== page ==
In Abigail Adams’ letter to her young son John Quincy, she gives him advice on how to make the most of his natural talents and succeed in this world. In her attempt to underscore the importance of her message, Adams relies on several rhetorical strategies. In order to persuade her son to do as she advises, Adams utilizes rhetorical strategies such as expectations and a responsibility to the world and invocation of authorities and role models.
To impress upon John Quincy the necessity of following her advice, Abigail Adams emphasizes the expectations she and society have of such a brilliant young man and his duty to the world to capitalize on said intelligence. John Quincy, Adams says, has been
“favored with superior advantages…[thus his] improvement should bear some proportion to [his] advantages.” She is emphasizing that due to his intelligence and upbringing, he has large shoes to fill so to speak and must seize these advantages. She expects this, as does the world as a whole. Adams uses the same strategy later in the letter with the use of the words
“your lot” in referring to her son’s watching of the country’s current troubles and inspiring past. Not “our lot” or “the American lot” but “your lot.” Adams is clearly stressing her son’s responsibility to help match America’s past achievements and guide her to a better future. She ends her epistle with an exhortation to be “a good citizen, do honor to [her son’s] country and render [his] parents supremely happy.” The result of this is that the final message young John Quincy is left with is once again a sense of his responsibility to the world and his family. By repeatedly impressing upon her son his duty to take advantage of his exceptional mind and ancestry and to fulfill his responsibility to the world, Adams is employing a brilliant rhetorical strategy that will increase the impact of her words.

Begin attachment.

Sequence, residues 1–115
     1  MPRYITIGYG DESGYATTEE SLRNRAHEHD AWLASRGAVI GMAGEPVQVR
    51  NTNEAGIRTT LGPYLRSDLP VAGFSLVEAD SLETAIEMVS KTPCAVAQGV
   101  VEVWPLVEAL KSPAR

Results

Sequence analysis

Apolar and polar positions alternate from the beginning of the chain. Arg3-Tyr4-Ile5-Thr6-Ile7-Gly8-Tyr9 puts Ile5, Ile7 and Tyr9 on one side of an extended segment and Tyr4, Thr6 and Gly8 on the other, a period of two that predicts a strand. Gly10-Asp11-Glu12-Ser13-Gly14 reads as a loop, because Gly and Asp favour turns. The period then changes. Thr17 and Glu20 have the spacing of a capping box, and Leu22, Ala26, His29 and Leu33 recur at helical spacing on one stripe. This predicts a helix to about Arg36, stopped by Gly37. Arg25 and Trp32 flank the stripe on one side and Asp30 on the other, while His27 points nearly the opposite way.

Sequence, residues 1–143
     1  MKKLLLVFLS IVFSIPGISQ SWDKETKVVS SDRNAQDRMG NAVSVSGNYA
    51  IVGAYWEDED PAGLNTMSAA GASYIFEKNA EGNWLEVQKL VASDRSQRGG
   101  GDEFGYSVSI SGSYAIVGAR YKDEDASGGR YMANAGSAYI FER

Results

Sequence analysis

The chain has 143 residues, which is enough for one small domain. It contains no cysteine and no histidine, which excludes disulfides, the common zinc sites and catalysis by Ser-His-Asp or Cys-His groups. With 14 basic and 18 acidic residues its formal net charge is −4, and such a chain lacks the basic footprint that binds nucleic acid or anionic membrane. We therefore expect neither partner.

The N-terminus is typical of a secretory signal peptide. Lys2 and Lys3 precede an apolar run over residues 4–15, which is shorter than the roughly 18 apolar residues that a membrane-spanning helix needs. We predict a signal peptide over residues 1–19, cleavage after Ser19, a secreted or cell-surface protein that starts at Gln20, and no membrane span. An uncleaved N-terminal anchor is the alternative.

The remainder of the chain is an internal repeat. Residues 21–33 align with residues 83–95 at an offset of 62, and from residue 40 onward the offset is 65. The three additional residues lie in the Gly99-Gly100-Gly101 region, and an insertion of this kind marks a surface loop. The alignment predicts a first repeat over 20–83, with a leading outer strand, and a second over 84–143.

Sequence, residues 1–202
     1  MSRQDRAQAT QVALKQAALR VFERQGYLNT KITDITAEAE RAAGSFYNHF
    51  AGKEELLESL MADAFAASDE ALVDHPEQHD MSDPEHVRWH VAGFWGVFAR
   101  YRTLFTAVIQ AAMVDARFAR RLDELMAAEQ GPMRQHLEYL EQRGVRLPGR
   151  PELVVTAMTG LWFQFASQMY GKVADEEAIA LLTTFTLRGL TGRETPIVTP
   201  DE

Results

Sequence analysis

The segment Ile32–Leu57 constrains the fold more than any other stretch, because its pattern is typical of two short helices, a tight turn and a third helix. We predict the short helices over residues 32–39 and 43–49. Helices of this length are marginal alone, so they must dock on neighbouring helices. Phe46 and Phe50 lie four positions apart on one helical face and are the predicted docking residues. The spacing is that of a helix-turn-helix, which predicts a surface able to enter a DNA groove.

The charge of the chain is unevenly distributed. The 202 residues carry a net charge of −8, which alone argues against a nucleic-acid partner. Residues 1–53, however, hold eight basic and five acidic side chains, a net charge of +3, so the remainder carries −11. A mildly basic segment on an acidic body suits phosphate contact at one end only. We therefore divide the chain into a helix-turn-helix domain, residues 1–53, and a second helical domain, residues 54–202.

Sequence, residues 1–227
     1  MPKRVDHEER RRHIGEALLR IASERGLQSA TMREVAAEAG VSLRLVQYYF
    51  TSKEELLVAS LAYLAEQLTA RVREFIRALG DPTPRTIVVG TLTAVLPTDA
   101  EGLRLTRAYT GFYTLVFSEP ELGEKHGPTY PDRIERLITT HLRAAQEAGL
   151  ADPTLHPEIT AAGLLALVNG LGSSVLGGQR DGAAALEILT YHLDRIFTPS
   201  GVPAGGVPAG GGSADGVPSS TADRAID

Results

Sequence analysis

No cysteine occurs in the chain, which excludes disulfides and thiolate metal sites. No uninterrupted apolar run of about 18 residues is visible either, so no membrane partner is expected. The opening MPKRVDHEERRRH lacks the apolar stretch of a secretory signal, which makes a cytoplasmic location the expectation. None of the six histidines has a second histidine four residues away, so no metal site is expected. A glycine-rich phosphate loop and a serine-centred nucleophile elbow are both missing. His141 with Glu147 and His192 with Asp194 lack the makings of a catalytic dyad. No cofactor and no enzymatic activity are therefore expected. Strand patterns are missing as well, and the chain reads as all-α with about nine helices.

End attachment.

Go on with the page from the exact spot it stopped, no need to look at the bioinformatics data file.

To further augment the effect and power of her advice, Adams invokes several authorities and role models in her letter, to both increase her credibility as an advisor and give her son people to emulate. The beginning of the letter is spent discussing the value of
John Quincy’s trip to France; Adams wants to tell her son about the advantages of traveling, but, presumably fearing a lack of convincing power coming from her, cites instead an author and a pretty metaphor. The voice of an outside figure (who will likely appear an authority to the young boy) adds to the validity of her argument. Later on in the letter,
Adams switches to role models, citing several names for her son to emulate. Adams references the famed, talented Roman orator Cicero and this learned, influential reference seems to add credibility as well as provide J.Q. with a role model. Mentioning such a renowned man of many successes adds power to her advice of rising to the occasion and taking advantage of one’s own talents. Furthermore, in a particularly sentimental segment,
Abigail reminds her son of his legendary father, John Adams. She emphasizes “the important embassy which at present calls him abroad” and all his successes in politics and government. In other words, she is urging her son to be like his famous father and strive to fill those shoes. These invocations and examples serve to strengthen the authority and appeal of Adams’ advice and help ensure that said advice will be taken seriously.
In conclusion, Adams uses a variety of rhetorical strategies in her letter of advice but none so powerfully or frequently as emphasizing John Quincy’s duty and responsibility and invoking authority figures and famous role models. These strategies serve to strengthen her argument and lend credibility and force to her advice. Such devices, as well as many authors, have been used throughout the ages to increase the power of a speaker or author.